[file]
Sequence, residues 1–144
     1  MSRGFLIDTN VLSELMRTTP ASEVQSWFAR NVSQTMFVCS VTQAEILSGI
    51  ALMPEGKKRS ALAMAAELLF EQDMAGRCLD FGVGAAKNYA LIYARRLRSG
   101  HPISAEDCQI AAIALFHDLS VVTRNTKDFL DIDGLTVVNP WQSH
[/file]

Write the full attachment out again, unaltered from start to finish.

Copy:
Sequence, residues 1–144
     1  MSRGFLIDTN VLSELMRTTP ASEVQSWFAR NVSQTMFVCS VTQAEILSGI
    51  ALMPEGKKRS ALAMAAELLF EQDMAGRCLD FGVGAAKNYA LIYARRLRSG
   101  HPISAEDCQI AAIALFHDLS VVTRNTKDFL DIDGLTVVNP WQSH